Students should no longer be required to wear face masks in classrooms from 17 May, the Department for Education has announced.
But the government has said coverings will still need to be worn on providers’ premises once students return from the Easter holidays.
In an update to its ‘Face coverings in education’ guidance published the afternoon, the department said it “expects” it will no longer be recommended masks be worn by adults and students in FE providers’ classrooms, or by students in communal areas from 17 May.
This decision was made, the department said, as part of an “ongoing” review of evidence and data, and means dropping the requirement ought to coincide with the “next stage” of lockdown easements, including social contact indoors.
It will also allow time for everyone in priority groups one to nine to be offered their first vaccine dose, before any change is committed.
Education secretary Gavin Williamson said: “We obviously all want to get back to face mask-free classrooms and we will do this in line with the latest scientific data while balancing the interests of students, teachers and the wider community.”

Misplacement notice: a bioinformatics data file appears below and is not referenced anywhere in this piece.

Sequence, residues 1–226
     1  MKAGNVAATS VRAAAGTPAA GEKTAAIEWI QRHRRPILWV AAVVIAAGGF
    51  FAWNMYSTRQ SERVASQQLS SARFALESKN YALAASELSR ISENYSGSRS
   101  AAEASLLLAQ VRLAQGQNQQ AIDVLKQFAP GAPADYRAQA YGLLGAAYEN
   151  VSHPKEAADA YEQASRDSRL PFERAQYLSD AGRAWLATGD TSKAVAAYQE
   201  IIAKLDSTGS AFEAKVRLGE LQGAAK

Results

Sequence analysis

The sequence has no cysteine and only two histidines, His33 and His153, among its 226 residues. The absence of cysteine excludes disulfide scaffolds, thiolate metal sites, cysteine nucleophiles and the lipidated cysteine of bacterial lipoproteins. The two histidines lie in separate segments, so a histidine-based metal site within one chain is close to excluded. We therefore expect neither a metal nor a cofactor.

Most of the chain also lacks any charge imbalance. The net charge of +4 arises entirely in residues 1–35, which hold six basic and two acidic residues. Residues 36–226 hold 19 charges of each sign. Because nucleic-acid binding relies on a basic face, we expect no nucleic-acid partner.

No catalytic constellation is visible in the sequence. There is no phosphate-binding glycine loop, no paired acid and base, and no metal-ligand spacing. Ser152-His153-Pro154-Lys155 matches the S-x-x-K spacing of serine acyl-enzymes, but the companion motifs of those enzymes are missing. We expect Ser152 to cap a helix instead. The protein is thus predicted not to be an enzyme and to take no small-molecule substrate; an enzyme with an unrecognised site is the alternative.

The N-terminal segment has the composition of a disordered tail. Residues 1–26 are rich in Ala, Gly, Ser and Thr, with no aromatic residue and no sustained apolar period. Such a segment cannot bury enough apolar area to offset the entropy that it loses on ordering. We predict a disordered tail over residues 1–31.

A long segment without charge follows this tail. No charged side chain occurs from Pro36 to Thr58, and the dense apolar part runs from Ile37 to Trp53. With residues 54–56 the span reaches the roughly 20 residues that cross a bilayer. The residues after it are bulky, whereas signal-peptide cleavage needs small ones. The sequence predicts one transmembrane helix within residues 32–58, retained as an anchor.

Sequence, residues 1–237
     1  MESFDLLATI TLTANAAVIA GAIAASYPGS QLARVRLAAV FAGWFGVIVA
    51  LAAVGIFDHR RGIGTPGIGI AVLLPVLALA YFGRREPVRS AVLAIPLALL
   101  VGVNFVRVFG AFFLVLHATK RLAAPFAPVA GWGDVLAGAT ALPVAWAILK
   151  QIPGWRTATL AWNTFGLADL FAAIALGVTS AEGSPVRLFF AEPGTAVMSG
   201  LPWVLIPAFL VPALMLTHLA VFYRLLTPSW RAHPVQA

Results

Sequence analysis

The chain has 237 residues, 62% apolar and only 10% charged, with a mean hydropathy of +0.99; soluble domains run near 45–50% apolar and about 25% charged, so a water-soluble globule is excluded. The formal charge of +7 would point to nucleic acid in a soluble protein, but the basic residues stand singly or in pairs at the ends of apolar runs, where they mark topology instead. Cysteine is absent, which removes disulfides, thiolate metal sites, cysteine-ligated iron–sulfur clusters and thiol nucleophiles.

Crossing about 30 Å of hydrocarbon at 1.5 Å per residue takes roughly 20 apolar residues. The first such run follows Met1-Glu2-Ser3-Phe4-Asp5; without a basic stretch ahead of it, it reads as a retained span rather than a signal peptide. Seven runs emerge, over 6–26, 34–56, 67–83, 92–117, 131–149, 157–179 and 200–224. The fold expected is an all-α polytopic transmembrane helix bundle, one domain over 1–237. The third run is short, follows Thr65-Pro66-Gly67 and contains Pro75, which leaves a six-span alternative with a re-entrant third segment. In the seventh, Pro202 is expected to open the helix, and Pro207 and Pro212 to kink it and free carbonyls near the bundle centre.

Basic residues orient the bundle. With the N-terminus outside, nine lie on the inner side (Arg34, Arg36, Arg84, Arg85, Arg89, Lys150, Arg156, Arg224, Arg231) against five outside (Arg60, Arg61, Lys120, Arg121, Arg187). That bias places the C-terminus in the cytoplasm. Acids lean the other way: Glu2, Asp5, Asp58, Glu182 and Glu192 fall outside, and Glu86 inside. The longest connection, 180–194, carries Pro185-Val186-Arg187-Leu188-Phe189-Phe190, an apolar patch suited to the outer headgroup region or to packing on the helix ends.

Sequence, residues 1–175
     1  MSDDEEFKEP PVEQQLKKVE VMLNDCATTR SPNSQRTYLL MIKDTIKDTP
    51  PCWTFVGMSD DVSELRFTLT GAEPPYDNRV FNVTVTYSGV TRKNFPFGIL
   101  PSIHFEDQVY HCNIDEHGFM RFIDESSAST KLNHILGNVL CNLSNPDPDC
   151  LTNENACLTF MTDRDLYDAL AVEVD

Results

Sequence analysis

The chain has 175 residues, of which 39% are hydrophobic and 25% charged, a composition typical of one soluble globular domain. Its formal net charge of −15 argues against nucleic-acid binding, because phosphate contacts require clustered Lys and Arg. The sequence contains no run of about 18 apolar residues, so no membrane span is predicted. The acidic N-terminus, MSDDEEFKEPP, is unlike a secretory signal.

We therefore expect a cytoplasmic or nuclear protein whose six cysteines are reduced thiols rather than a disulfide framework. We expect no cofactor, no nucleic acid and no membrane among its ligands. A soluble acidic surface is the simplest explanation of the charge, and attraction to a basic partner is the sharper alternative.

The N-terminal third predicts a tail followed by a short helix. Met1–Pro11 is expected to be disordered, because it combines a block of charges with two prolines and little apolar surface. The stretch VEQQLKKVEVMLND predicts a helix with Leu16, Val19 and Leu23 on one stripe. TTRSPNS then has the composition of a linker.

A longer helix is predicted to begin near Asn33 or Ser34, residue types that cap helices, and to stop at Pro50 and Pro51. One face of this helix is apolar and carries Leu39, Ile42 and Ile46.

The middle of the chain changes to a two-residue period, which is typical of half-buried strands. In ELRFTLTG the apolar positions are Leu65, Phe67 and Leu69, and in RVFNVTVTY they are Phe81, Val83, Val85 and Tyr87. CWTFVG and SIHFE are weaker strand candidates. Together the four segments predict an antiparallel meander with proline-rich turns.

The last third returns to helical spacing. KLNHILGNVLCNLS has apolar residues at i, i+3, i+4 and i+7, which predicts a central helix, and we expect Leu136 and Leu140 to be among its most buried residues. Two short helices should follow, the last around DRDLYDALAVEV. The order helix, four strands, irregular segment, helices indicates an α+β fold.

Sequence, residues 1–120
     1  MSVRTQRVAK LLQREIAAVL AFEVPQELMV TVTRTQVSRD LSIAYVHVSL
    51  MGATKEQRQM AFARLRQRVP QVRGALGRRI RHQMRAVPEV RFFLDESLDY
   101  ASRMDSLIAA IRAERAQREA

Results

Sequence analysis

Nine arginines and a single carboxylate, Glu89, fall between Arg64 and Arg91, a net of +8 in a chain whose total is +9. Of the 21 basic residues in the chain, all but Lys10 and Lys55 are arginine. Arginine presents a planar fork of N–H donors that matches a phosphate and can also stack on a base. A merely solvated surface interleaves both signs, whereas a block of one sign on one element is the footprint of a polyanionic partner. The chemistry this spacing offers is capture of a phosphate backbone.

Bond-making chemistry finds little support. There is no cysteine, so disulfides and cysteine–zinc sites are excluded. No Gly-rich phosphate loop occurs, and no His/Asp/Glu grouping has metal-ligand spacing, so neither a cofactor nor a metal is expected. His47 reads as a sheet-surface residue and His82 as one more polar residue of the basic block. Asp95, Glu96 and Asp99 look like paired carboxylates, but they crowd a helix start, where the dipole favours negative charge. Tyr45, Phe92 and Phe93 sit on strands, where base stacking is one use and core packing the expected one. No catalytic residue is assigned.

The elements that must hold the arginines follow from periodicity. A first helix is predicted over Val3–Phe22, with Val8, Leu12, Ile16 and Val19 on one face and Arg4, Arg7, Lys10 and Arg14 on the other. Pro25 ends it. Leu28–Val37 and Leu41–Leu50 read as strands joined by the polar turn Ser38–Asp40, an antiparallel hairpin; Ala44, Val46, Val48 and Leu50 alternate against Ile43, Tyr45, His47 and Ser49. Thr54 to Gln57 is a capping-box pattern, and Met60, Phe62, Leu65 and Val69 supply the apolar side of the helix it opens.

This comes after his department announced last month, ahead of the full reopening of providers on 8 March, that masks would have to be worn in the classroom until at least Easter.
Under today’s update, students and teachers will continue to wear face masks in-class until step three of the government’s lockdown easing.
Those who are currently exempt from wearing face masks will remain so, the department has said.
As part of the full reopening, providers were supplied with between 5,000 and 7,500 face masks for contingency use.
College students also had to have four rapid Covid tests within two weeks of their return to class on 8 March; three on-site, one at home, then twice-weekly at home for both learners and staff.
While colleges were sent tests ahead of 8 March, independent training providers were told they would be able to request coronavirus tests from 31 March, but would need to apply to the Department for Education for the amount they need.
This decision was branded as “madness” by providers, with Association of Employment and Learning Providers chief executive Jane Hickie saying it was “difficult to comprehend why the DfE didn’t simply use the same system for schools and colleges by sending kits to the ITPs’ training centres or somewhere appropriate nearby”.